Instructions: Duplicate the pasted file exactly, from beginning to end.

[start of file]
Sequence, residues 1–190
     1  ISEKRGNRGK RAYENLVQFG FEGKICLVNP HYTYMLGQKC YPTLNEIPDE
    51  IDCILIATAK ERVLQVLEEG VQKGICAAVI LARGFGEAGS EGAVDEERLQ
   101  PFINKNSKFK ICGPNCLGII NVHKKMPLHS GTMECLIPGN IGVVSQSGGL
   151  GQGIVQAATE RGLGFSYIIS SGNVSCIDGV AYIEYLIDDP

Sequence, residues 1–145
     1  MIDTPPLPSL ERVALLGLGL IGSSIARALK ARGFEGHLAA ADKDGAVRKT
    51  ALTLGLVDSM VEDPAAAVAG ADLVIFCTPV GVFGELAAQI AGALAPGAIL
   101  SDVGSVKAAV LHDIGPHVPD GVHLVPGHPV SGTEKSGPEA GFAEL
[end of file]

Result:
Sequence, residues 1–190
     1  ISEKRGNRGK RAYENLVQFG FEGKICLVNP HYTYMLGQKC YPTLNEIPDE
    51  IDCILIATAK ERVLQVLEEG VQKGICAAVI LARGFGEAGS EGAVDEERLQ
   101  PFINKNSKFK ICGPNCLGII NVHKKMPLHS GTMECLIPGN IGVVSQSGGL
   151  GQGIVQAATE RGLGFSYIIS SGNVSCIDGV AYIEYLIDDP

Sequence, residues 1–145
     1  MIDTPPLPSL ERVALLGLGL IGSSIARALK ARGFEGHLAA ADKDGAVRKT
    51  ALTLGLVDSM VEDPAAAVAG ADLVIFCTPV GVFGELAAQI AGALAPGAIL
   101  SDVGSVKAAV LHDIGPHVPD GVHLVPGHPV SGTEKSGPEA GFAEL